June 15, 2014
June 15, 2014
June 18, 2014
Minorities in Engineering
24.1308.1 - 24.1308.9
Front-end Evaluation of an Ambassador Program at a Historically Black College/University (HBCU): The Ambassador as Participant Observer ABSTRACTAmbassador programs typically use a selective process to identify undergraduate juniors and/orseniors with strong leadership capabilities. The role of the ambassador is multifaceted, consistingof supporting departmental recruitment, peer-mentoring of other students, and serving as studentliaisons for departments or colleges/schools and their respective stakeholders. Ambassadorprograms help students to develop professional skills, especially in the areas of communicationand interpersonal relations (Haas et al., 2013). More specifically, ambassador programs facilitatestudent engagement, which also serves the best interests of students academically andprofessionally at all levels. Student engagement theory is now highly relevant to mostuniversities, given the new Carnegie Classification emphasis on the constructs reflecting studentengagement in higher education (Pike & Kuh, 2005). However, the roles and effectiveness ofambassadors are often discussed and evaluated from an external perspective, namely that offaculty and administrators. The major component, peer mentoring, is recognized as an impactfulmechanism for academic success and retention (Dahlberg et al., 2007; King et al., 2013), yet theperspective of the peer mentors who are immersed in the day-to-day activities of mentoring arenot often captured from the peer mentors subjectiveIn this project, we focused on an ambassador-led effort to observe the process of a newambassador program that consisted of, among other functions, a peer-mentoring component forfirst-year students in industrial and systems engineering (ISE). The outcomes of the study willalso serve as a front-end evaluation (Perry et al., 1998) to identify valid indicators and metricsfor summative evaluation of ambassador programs, and specifically, the first-year freshmanpeer-mentoring component. We operated on the proposition that information provided to ourambassadors serving in their peer-mentoring role will be different, and possibly richer, thaninformation provided to the department through more formal surveys.The two ambassadors (one junior and one senior) served as participant observers of the process,and provided their own observations and reflections. Using ethnographic observation, bothambassadors implemented peer-mentoring support mechanisms, communication processes suchas group text messaging, and meetings with their respective mentees. The observations andreflections were summarized and qualitatively analyzed by the ambassadors. Analysis of theGroupMe texting data using the axial coding method showed very clear problem areas reportedby ISE freshmen. These included how to study to be successful academically and how to usestudy groups effectively. The ambassadors’ analyses also identified several interestingcommunication patterns when interacting with freshman, including no interaction at all, and aneed to ask broad questions and then funnel down to specific probing questions when checking-in with each freshman to avoid defensiveness and respect privacy. Another key finding wasfreshman lack of knowledge of the academic services available, in spite of orientations,announcements, seminars/workshops, chats, and other mechanisms to increase awareness ofsupport services. Ambassadors also surveyed freshmen to identify additional needs. Theambassadors’ survey results will be compared to the departmental survey results evaluating thesame freshman peer mentoring program. Translation of the front-end evaluation data will bediscussed, along with specific metrics and indicators to use for summative evaluations ofambassador programs.ReferencesDahlberg, T., Barnes, T., and Rorrer, A. (2007). The STARS Leadership Model for BroadenignParticipation in Computing. 37th ASEE/IEEE Frontiers in Education Conference, October 10 –13, 2007, Milwaukee, Wisconsin, Session F3A.Haas, C., McElholm, L., Renfro, S., Herkenham, E., Marshall, M., Alley, M. (2013).Engineering ambassador network: Establishment of successful ambassador engineering programsat four UTC Partner Schools. Proceedings of the 120th ASEE Annual Conference and Exposition,January 23 – 26, 2013, paper ID#7461.King, S., Favret, J., Barney, G., and Landry, J. (2013). Engaging peer mentors in freshmanprograms. 5th First Year Engineering Experience (FYEE) Conference, Pittsburgh, PA, SessionF4C.Perry, D.L., Garibay, C., & Gyllenhaal, E.D. (1998). Front-end evaluation for LifeUnderground, a Field Museum exhibition about life in the soil. Current Trends in AudienceResearch and Evaluation, 11, 59 – 67.Pike, G. and Kuh, G. (2005). A typology of student engagement for American colleges anduniversities. Research in Higher Education, 46, 185 – 209.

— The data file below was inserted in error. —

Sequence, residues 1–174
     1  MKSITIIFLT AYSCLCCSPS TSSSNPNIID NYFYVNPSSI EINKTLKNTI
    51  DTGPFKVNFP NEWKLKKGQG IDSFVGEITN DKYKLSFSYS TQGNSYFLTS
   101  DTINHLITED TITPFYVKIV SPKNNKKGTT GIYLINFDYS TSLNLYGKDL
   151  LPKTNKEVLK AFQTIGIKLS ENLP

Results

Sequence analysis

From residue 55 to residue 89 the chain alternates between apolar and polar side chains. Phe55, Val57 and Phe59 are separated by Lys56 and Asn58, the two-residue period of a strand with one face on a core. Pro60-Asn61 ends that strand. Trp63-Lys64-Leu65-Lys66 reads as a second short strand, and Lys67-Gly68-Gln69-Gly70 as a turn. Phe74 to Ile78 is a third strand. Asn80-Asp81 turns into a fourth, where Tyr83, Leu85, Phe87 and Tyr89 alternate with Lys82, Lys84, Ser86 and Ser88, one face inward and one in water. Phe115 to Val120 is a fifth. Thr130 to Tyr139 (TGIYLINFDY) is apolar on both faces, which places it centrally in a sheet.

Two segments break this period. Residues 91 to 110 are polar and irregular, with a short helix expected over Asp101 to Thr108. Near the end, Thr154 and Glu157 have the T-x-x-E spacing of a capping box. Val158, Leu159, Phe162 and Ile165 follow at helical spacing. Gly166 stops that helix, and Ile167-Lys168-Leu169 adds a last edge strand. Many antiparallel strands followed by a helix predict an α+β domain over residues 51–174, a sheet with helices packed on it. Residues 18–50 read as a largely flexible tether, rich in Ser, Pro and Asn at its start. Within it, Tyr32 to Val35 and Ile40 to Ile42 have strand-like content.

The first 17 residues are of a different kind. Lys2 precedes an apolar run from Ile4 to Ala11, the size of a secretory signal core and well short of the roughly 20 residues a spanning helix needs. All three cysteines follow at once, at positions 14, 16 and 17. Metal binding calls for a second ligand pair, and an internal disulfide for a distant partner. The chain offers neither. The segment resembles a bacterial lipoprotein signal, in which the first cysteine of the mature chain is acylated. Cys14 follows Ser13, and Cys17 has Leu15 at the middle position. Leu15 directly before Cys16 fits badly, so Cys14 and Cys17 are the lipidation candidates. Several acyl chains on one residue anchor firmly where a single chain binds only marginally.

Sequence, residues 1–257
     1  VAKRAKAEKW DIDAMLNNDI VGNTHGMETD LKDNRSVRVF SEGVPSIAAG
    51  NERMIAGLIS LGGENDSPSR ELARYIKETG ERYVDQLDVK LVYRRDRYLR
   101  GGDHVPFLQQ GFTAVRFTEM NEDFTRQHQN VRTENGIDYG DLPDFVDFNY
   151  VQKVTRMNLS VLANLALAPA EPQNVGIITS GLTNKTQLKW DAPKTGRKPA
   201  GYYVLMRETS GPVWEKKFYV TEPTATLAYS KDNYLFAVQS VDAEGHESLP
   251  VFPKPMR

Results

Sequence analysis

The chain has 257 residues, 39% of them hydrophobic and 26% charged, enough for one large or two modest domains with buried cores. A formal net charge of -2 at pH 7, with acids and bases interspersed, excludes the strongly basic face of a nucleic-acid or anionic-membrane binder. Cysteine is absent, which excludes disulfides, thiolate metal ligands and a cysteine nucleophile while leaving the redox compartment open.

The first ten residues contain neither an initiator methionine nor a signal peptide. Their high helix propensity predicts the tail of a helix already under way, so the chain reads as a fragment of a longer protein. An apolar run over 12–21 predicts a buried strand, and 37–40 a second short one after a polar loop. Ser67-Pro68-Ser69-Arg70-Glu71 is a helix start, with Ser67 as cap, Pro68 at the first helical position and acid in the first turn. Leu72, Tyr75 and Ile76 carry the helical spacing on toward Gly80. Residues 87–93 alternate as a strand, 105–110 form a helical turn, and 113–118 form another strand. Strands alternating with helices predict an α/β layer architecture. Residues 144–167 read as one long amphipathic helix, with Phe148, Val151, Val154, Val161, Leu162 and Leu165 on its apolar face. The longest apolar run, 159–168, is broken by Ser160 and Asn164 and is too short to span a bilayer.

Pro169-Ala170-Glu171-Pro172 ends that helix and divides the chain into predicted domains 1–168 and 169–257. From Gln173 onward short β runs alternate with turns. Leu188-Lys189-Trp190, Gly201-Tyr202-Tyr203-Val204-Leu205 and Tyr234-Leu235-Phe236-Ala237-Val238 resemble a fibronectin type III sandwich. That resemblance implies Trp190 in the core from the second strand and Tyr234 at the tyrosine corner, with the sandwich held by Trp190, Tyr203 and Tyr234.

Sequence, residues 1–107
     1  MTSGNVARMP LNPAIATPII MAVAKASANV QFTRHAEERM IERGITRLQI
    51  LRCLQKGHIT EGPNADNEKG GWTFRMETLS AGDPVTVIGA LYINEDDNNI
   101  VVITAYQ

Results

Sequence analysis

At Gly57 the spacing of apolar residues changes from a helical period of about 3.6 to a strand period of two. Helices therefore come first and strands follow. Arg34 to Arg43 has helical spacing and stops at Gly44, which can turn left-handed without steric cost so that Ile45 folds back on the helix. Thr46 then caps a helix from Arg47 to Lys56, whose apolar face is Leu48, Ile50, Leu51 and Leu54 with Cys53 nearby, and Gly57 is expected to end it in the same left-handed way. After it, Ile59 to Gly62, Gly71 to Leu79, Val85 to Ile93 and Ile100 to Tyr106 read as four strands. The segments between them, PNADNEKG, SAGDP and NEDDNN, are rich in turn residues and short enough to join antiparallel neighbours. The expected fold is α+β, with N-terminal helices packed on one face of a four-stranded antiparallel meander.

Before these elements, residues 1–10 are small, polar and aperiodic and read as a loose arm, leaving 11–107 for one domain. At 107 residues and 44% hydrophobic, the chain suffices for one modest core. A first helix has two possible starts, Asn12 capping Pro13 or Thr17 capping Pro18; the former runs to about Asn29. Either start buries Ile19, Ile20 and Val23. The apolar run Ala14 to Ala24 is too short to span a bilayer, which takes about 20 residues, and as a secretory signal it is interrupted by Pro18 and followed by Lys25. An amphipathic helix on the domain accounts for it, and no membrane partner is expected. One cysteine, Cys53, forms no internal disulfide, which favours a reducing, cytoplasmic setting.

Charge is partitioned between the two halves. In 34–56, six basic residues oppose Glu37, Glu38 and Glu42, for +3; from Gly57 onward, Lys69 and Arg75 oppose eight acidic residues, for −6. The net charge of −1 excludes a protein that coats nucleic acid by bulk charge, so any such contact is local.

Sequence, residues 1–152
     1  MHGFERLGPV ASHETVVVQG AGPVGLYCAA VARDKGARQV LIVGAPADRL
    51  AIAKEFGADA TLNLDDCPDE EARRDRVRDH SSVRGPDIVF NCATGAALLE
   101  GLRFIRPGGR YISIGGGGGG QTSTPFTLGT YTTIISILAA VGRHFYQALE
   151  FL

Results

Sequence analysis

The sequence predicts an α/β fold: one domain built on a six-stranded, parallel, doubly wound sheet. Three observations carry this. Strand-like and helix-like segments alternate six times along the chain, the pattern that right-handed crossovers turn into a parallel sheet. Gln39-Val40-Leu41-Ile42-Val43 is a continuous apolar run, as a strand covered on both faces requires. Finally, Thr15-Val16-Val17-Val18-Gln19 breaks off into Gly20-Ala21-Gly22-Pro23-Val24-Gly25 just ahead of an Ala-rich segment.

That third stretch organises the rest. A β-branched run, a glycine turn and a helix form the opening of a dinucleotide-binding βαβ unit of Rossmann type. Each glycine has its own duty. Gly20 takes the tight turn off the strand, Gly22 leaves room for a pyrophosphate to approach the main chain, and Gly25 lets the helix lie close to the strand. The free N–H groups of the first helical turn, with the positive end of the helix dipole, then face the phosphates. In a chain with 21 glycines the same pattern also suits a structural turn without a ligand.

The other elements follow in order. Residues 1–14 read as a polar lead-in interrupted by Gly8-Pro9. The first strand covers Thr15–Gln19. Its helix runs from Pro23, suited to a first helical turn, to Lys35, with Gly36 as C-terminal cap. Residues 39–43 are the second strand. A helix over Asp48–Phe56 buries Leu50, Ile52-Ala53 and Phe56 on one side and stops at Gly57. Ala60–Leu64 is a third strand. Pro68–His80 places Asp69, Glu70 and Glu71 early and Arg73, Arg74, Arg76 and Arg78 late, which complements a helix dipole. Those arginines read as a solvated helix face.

Smith-Jackson, T. L., & Benedict, B. S., & Stewart, G. T., & Vinson, E. S. (2014, June), Use of Front-end Evaluation to Design an Ambassador Program (ISEAmP) Paper presented at 2014 ASEE Annual Conference & Exposition, Indianapolis, Indiana. 10.18260/1-2--23241
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